Among the wide range of cultural offerings that London’s museums have to offer, the Horniman Museum deserves special attention. It is one of those unknown museums in London that doesn’t usually appear in the guidebooks, but it is by no means unworthy of a visit. Let’s see why!
Its charm lies in its variety: dedicated to natural history, anthropology and musical instruments, the Horniman Museum houses one of the most complete collections of fossils and archaeological finds in the United Kingdom.
Horniman Museum and Gardens The Horniman Museum in London, is located on a hilltop in the Forest Hill district of London. Surrounded by incredible and well-kept gardens. It includes an aquarium, a Victorian glasshouse, a butterfly house and the actual building, a brick building with an attached clock tower, in which the various collections are displayed. The whole complex is of considerable historical value, dating from the early 20th century.
Opening times Horniman Museum and Gardens
- The Horniman Museum opens daily from 10.30am to 5.30pm. (Closed between the 24th and 26th December).
- The Butterfly House is open from 10.30am – 4pm (last entry 3.30pm)
- The Gardens are open daily, from 7.15am (or 8am Sunday and Bank Holidays) until 8.20pm.
- The Cafe is open from 9am – 5.30pm daily. The Bandstand Kiosk is open daily, 9am – 4pm, and the Cafe Crepe Kiosk is open at weekends, 11am – 4pm.
How to get to the Horniman Museum and Gardens
Address: Horniman Museum & Gardens, 100 London Road, Forest Hill, London SE23 3PQ
By Train & Overground
The Horniman is a five to ten-minute walk from Forest Hill station and is signposted from the platform 1 exit. Please be aware this walk is uphill, although there are several bus services which stop at both the station and Museum.
Forest Hill is on the London Overground line between Highbury and Islington and the West Croydon / Crystal Palace line, which offers a high-frequency service from North, East and South London.
The station is also well-served by trains from Central London, Croydon and Surrey. Direct train services run from London Bridge (approx every ten minutes, journey time 15 minutes) linking with the Northern and Jubilee Underground lines, and London Victoria linking with the Victoria, Circle and District Underground lines, East Croydon, West Croydon, Sutton, Purley and Caterham. Please use the Journey Planner to the right or visit TFL Journey Planner or National Rail Enquiries.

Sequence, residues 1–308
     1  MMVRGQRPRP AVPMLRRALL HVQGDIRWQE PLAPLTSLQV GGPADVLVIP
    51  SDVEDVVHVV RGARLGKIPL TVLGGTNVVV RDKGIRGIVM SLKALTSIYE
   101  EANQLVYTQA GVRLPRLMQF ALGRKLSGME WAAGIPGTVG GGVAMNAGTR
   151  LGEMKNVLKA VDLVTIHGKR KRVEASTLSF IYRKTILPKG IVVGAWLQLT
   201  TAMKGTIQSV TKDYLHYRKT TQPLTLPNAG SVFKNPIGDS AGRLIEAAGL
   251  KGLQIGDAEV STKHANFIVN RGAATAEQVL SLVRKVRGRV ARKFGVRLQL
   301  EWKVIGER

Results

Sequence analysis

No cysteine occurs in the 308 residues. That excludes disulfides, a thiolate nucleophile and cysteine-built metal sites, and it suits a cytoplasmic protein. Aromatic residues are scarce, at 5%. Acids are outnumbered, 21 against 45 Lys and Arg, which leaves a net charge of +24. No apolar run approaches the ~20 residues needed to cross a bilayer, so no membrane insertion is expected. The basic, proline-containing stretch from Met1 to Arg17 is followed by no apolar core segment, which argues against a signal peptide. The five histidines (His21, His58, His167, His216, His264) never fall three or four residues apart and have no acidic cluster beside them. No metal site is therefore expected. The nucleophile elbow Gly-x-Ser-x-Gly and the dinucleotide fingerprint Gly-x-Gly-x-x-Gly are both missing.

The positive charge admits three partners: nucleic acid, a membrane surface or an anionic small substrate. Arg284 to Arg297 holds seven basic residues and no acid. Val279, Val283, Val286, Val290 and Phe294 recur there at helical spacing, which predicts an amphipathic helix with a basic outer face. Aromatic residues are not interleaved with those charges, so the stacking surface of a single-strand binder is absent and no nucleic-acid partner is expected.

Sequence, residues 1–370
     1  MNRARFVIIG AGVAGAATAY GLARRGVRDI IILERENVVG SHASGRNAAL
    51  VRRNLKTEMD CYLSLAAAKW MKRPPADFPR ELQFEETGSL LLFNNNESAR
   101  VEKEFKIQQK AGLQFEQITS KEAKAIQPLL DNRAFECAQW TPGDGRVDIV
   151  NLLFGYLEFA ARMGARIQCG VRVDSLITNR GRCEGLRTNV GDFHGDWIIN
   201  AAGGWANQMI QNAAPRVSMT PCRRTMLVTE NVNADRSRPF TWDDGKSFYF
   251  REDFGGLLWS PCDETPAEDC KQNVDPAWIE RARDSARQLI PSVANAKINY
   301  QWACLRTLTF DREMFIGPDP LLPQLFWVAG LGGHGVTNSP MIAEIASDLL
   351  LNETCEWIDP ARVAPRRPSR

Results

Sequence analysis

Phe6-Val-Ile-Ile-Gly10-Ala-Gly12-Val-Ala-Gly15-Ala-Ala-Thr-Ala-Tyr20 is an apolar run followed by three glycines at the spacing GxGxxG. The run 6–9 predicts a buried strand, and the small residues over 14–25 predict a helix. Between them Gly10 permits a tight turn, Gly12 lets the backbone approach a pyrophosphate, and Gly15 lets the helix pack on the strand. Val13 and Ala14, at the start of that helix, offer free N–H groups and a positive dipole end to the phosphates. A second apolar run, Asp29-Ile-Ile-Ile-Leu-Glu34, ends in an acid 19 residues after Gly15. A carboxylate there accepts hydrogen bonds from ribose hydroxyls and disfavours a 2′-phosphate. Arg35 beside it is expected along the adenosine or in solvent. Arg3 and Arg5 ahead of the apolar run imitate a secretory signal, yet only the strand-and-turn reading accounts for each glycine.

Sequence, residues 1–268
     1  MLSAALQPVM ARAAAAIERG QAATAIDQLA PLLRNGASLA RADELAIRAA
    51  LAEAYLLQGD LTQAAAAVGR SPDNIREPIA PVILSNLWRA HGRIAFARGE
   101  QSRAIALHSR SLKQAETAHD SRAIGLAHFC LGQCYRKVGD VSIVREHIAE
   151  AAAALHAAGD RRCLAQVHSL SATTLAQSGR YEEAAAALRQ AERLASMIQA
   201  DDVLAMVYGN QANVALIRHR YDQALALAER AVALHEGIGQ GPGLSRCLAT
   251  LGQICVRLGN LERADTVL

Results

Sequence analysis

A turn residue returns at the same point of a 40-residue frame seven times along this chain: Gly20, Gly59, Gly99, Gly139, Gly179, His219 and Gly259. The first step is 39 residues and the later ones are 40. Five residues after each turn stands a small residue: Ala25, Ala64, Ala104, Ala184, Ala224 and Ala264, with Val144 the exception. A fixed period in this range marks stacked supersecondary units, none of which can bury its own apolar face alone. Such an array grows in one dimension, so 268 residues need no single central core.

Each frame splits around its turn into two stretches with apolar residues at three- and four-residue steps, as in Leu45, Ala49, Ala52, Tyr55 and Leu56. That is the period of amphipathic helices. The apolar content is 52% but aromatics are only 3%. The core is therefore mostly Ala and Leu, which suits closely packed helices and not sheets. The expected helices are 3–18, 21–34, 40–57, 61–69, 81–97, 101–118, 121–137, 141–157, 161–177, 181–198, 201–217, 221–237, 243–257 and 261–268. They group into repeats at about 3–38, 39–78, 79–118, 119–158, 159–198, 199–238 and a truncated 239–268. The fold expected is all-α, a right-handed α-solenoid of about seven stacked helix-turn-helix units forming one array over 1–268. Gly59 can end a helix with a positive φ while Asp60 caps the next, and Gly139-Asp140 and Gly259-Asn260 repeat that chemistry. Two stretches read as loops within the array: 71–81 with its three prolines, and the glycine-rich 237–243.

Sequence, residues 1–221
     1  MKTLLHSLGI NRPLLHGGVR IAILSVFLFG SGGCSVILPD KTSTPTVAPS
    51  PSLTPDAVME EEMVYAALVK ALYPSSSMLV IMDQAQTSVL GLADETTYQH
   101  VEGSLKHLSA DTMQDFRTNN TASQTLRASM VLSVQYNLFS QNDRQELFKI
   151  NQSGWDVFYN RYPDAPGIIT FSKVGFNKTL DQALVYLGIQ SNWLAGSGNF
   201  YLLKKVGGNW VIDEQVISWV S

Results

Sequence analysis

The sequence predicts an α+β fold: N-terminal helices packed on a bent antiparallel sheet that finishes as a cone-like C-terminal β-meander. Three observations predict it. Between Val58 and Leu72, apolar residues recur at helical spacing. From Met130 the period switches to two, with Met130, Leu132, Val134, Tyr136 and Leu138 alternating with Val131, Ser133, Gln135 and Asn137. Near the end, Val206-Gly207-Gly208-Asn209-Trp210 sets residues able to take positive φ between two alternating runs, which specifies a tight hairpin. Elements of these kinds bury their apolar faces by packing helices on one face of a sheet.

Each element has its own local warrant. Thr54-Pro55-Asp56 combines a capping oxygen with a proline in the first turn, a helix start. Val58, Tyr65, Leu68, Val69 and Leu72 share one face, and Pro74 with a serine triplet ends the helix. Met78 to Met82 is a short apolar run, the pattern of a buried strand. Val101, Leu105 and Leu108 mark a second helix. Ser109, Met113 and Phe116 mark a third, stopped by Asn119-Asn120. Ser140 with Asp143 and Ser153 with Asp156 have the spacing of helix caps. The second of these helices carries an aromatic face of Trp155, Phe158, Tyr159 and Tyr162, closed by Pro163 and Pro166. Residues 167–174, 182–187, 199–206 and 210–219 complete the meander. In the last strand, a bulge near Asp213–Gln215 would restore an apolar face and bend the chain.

176, 185, 197, 356, P4 – stop outside the Museum and Gardens on London Road. 122 – stops on Dartmouth Road P13 – stops on Underhill Road 363 – stops on Sydenham Hill Road See the route from Forest Hill Station by bus.
Parking is severely limited in local area, so we recommend using public transport to come to the Horniman. A pay-and-display car park is available locally behind Sainsbury’s, and there are two pay-and-display car parks at Forest Hill station (one at the front, one at the back). Please avoid parking on private roads. For coaches, there is a drop off point outside the Museum near to the Clock Tower.
The Horniman Museum in London, located on a hilltop in the Forest Hill district of London, is surrounded by extensive and well-kept gardens and includes an aquarium, a Victorian glasshouse, a butterfly garden, a bandstand, and the actual brick building itself, with an attached clock tower, in which the various collections are exhibited. The whole complex is of considerable historical value, dating from the early 20th century.
What to see at Horniman Museum
As well as touring the gardens, outside you can also visit a typical English farm which has a small animal enclosure that is sure to delight the children. In my opinion, the Horniman Museum is one of the most beautiful and interesting places in South London. It is very easy and convenient to get here: it is only 15 minutes by train from the centre of the capital.
If you live in London or if you are visiting London for more than a week… we would recommend visiting the Horniman Museum. It’s a space that was born from the love of Frederick Horniman, son of the famous tea merchant, for collecting objects, a thousand and one artefacts and numerous pieces of art that he brought back from his travels around the world and kept in his house. Such was his determination to complete his collection that at one point the house became too small for him, which finally led to the creation of the museum where he exhibited all his findings.
Whether before or after visiting the Horniman Museum, it is worth taking the time to lose yourself in the magnificent gardens that surround it. The Horniman Gardens, with almost six hectares, a Victorian glasshouse and beautiful views of London from the gazebo built in 1912, are the perfect place for a day out with children and family.